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Thread: Low Lighting shooting help

  1. #1
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    Low Lighting shooting help

    Hi dudes and dudettes,

    Id like to get some advice if I could. My friend is a promoter and his own band is playing at a gig hes putting on next week. I jokingly mentioned me taking photos and he actually seems keen on the idea.

    Im getting decent at photography during the day, but I fail miserably at low light shots. I was shooting at a wedding last week and the ISO auto defaulted to 6400 and the images looked very grainy.

    So, Ive bought a 430EX II flash to use, but considering this is a metal gig therell be a lot of drunk people who wont want a constant flash going off so Id like to use it sparingly (although if you guys know of online guides on how to learn flash photography/settings it would be great!).

    Everyone is going to be jumping around, headbanging, moshing etc which is going to be difficult due to shutter speed vs low light etc. I usually shoot at a shutter speed of 1/500 1/1000 or so due to wanting close to still movement, but I understand thats going to be next to impossible in such light. A bit of motion blur would be OK (for some shots, ie intentional motion blue, not oh man I screwed that one up) but Id like to avoid it if I could.

    So, my gear on the night will be a Canon 650D, a L 24-105, the 430EX II and a 18-55 kit lens if I need it. Does anyone have any advice on this type of shooting?

    Greatly appreciated

  2. #2
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    I think you need a faster lens. One option is to visit the location some days before the concert, see which focal lengths you would be using most on your zooms, and rent a prime or two with the prefered focal lengths. On drawback on this is of course that you are bitten by the f-disease where you constantly hunt for lenses with low f-number Can be expensive.

    Lars

  3. #3
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    What would you define as a "fast" lens for this kind of thing?

  4. #4
    Moderator Steve U's Avatar
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    The Canon 50/1.8 or 50/1.4 would be fast enough and a usable focal length. If you are further from the action go for the 85/1.8. Any of these lenses will be very good additions to your kit.
    Good luck with it.
    Steve U
    Wine, Food and Photography Student and Connoisseur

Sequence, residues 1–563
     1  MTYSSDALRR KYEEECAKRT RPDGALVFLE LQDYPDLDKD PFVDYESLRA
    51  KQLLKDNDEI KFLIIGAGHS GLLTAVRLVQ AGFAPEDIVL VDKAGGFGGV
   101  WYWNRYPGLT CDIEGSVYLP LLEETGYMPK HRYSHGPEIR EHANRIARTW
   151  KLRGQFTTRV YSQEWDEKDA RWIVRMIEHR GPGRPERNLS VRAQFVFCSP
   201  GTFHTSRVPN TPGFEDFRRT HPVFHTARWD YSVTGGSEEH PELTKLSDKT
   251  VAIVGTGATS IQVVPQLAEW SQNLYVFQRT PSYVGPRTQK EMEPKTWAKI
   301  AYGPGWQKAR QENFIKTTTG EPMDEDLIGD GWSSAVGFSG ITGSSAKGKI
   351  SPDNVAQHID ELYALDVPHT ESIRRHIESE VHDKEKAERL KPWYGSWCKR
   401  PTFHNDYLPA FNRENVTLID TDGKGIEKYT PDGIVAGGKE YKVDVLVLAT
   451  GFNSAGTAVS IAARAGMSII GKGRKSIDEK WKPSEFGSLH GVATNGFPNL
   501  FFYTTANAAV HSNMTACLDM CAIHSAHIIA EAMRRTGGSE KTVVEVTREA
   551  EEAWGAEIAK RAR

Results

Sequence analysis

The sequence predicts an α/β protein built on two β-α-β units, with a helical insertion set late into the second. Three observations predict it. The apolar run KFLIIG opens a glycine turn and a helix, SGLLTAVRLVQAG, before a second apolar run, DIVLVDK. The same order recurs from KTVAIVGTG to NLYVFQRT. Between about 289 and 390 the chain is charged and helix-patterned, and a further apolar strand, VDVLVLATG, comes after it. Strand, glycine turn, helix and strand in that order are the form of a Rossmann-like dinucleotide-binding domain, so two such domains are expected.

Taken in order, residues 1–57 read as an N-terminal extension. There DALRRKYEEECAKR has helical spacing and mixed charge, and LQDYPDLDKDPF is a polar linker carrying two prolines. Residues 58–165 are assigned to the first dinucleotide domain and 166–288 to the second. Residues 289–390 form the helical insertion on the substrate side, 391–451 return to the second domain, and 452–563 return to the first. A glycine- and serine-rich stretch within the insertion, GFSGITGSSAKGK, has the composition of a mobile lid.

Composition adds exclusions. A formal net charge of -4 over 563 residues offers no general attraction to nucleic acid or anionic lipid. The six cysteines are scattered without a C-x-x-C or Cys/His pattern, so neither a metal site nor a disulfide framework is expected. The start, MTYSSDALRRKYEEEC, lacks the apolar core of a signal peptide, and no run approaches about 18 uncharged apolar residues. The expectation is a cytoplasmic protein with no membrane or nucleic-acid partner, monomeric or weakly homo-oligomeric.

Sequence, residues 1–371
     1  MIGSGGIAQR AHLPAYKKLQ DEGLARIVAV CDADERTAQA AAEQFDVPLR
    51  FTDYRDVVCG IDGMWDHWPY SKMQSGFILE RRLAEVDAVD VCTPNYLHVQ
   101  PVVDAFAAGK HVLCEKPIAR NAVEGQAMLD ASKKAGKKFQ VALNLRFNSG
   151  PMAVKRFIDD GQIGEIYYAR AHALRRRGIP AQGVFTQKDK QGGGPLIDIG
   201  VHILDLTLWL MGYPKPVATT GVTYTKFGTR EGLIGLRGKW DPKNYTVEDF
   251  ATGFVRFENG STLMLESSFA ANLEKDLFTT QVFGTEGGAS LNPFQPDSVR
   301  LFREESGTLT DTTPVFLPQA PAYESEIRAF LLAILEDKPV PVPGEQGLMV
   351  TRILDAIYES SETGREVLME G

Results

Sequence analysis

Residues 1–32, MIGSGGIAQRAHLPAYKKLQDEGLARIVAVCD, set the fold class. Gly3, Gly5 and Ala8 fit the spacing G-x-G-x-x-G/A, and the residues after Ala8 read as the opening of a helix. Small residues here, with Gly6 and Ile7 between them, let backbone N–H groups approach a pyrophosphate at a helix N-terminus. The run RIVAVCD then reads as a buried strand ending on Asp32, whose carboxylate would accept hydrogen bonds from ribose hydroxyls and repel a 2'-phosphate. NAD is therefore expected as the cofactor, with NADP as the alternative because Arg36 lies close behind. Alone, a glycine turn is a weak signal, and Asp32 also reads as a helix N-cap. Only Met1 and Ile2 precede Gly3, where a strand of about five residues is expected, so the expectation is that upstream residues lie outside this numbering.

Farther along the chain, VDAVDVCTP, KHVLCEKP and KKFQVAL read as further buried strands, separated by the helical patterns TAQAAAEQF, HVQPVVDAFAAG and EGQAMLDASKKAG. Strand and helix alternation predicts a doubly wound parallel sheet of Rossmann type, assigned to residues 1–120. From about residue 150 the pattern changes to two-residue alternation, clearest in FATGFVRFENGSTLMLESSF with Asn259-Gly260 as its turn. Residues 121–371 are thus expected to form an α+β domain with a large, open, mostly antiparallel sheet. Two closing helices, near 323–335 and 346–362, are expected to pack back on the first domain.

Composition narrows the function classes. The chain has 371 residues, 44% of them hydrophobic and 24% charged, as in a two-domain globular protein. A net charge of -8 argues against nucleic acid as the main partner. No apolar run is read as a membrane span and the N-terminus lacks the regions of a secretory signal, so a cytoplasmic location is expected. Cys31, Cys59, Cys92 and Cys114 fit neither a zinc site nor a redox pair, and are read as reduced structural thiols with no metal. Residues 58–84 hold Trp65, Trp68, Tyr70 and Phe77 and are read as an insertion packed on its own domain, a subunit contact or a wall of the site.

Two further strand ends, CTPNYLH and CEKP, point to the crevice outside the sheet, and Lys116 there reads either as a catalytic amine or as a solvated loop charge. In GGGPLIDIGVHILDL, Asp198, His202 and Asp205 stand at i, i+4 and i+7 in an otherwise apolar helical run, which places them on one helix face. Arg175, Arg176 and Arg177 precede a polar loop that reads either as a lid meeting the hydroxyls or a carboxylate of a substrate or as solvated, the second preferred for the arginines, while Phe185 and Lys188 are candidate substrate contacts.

5. #5
    Member Poik's Avatar
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    I second the 50/1.8, it's a great lens and it's super cheap. Was at a bar a couple weekends ago with a live band and brought the 50/1.8 along and it did just fine taking photos of the stage and band. Looking back through some photos, I was using ISO 3200, f1.8, shutter speeds mostly 1/50 to 1/125.
    - Eric
    Canon 7D, 70-200 f/2.8 II, 17-55 f/2.8, 10-22mm f/3.5-4.5, 100mm f/2.8 Macro, 50mm f/1.8 II, 28-135mm f/3.5-5.6, 2x III, 430EX II
    flickr.com/ericolsson

  6. #6
    Moderator Steve U's Avatar
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    Great example and feedback Eric.
    Steve U
    Wine, Food and Photography Student and Connoisseur

  7. #7
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    I was also thinking of the 85, 1.8 and, depending on the size of concert venue, or how close you can get, a 50mm or 35mm if you can stand just by the stage. If you have the possibility to rent, perhaps also rent a second body so you don't have to change lenses. Otherwise, the 50mm 1.8 is very affordable. And the 85mm 1.8 is a lens you will quickly fall in love with (I did).

    Lars

    P.s. Will you post some pictures here later?

  8. #8
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    Unfortunately I can't afford a new lens

    I was just testing my flash and I'm really impressed with how well it works... But damn is it strong. Is it normal it locks my camera to 1/200 max when the flash is on? I was hoping for faster

  9. #9
    Senior Member neuroanatomist's Avatar
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    Low Lighting shooting help

    1/200 s is the max sync speed for your camera. You can use a faster shutter by enabling high speed sync (but that lowers your output power significantly).

  10. #10
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    Just to clarify, when you say output power are you meaning flash strength?

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